Mashups And Fair Use: The Bold Misadventures Of The Seussian Starship Enterprise, Peter Menell, Shyamkrishna Balganesh, David Nimmer Aug 2019

Mashups And Fair Use: The Bold Misadventures Of The Seussian Starship Enterprise, Peter Menell, Shyamkrishna Balganesh, David Nimmer

All Faculty Scholarship

This amicus brief filed in the Ninth Circuit appeal of Dr. Seuss Enterprises v. ComicMix seeks to rectify and restore the balances underlying the Copyright Act of 1976 — particularly the interplay of the Section 106(2) right to prepare derivative works and the fair use doctrine. The District Court granted the defendants’ motion for summary judgment on the ground that OH THE PLACES YOU’LL BOLDLY GO! — the defendants’ illustrated book combining Dr. Seuss’s OH THE PLACES YOU’LL GO! and other Dr. Seuss books with Star Trek characters and themes — made fair use of the Dr. Seuss works.

Based …


Rulers Or Rules? International Law, Elite Cues And Public Opinion, Anton Strezhnev, Beth A. Simmons, Matthew D. Kim Jul 2019

Rulers Or Rules? International Law, Elite Cues And Public Opinion, Anton Strezhnev, Beth A. Simmons, Matthew D. Kim

All Faculty Scholarship

One of the mechanisms by which international law can shape domestic politics is through its effects on public opinion. However, a growing number of national leaders have begun to advocate policies that ignore or even deny international law constraints. This article investigates whether international law messages can still shift public opinion even in the face of countervailing elite cues. It reports results from survey experiments conducted in three countries, the United States, Australia and India, which examined attitudes on a highly salient domestic political issue: restrictions on refugee admissions. In each experimental vignette, respondents were asked about their opinion on …


Choice Architecture For Healthier Insurance Choices: Ordering And Partitioning Can Improve Decisions, Benedict G.C. Dellaert, Eric J. Johnson, Tom Baker Jul 2019

Choice Architecture For Healthier Insurance Choices: Ordering And Partitioning Can Improve Decisions, Benedict G.C. Dellaert, Eric J. Johnson, Tom Baker

All Faculty Scholarship

Health insurance decisions are a challenge for many consumers and influence welfare, health outcomes, and longevity. Two choice architecture tools are examined that can improve these decisions: informed ordering of options (from best to worst) and choice set partitioning. It is hypothesized that these tools can improve choices by changing: (1) decision focus: the options in a set on which consumers focus their attention, and (2) decision strategy: how consumers integrate the different attributes that make up the options. The first experiment focuses on the mediating role of the hypothesized decision processes on consumer decision outcomes. The outcome results are …


Against The Received Wisdom: Why The Criminal Justice System Should Give Kids A Break, Stephen J. Morse Jul 2019

Against The Received Wisdom: Why The Criminal Justice System Should Give Kids A Break, Stephen J. Morse

All Faculty Scholarship

Professor Gideon Yaffe’s recent, intricately argued book, The Age of Culpability: Children and the Nature of Criminal Responsibility, argues against the nearly uniform position in both law and scholarship that the criminal justice system should give juveniles a break not because on average they have different capacities relevant to responsibility than adults, but because juveniles have little say about the criminal law, primarily because they do not have a vote. For Professor Yaffe, age has political rather than behavioral significance. The book has many excellent general analyses about responsibility, but all are in aid of the central thesis about …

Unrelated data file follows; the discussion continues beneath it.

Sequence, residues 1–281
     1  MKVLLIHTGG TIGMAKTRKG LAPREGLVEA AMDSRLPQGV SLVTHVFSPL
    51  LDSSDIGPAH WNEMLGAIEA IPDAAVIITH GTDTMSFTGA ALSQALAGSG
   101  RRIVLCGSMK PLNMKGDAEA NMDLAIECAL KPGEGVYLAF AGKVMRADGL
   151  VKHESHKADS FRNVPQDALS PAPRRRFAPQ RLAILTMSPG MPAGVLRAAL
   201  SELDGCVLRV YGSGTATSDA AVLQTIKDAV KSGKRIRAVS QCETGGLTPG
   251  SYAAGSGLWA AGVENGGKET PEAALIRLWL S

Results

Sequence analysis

Social Activism Through Shareholder Activism, Lisa Fairfax Jul 2019

Social Activism Through Shareholder Activism, Lisa Fairfax

All Faculty Scholarship

In 1952, the SEC altered the shareholder proposal rule to exclude proposals made “primarily for the purpose of promoting general economic, political, racial, religious, social or similar causes.” The SEC did not reference civil rights activist James Peck or otherwise acknowledge that its actions were prompted by Peck’s 1951 shareholder proposal to Greyhound for desegregating seating. Instead, the SEC indicated that its change simply reflected a codification of a position the SEC staff had taken in 1945.

Today, the shareholder proposal rule has evolved, giving way to several amendments that now enable shareholders to submit proposals on the proxy statement …


Making Sustainability Disclosure Sustainable, Jill E. Fisch Jul 2019

Making Sustainability Disclosure Sustainable, Jill E. Fisch

All Faculty Scholarship

Sustainability is receiving increasing attention from issuers, investors and regulators. The desire to understand issuer sustainability practices and their relationship to economic performance has resulted in a proliferation of sustainability disclosure regimes and standards. The range of approaches to disclosure, however, limit the comparability and reliability of the information disclosed. The Securities & Exchange Commission (SEC) has solicited comment on whether to require expanded sustainability disclosures in issuer’s periodic financial reporting, and investors have communicated broad-based support for such expanded disclosures, but, to date, the SEC has not required general sustainability disclosure.

This Article argues that claims about the relationship …


Our Administered Constitution: Administrative Constitutionalism From The Founding To The Present, Sophia Z. Lee Jun 2019

Our Administered Constitution: Administrative Constitutionalism From The Founding To The Present, Sophia Z. Lee

All Faculty Scholarship

This article argues that administrative agencies have been primary interpreters and implementers of the federal Constitution throughout the history of the United States, although the scale and scope of this "administrative constitutionalism" has changed significantly over time as the balance of opportunities and constraints has shifted. Courts have nonetheless cast an increasingly long shadow over the administered Constitution. In part, this is because of the well-known expansion of judicial review in the 20th century. But the shift has as much to do with changes in the legal profession, legal theory, and lawyers’ roles in agency administration. The result is that …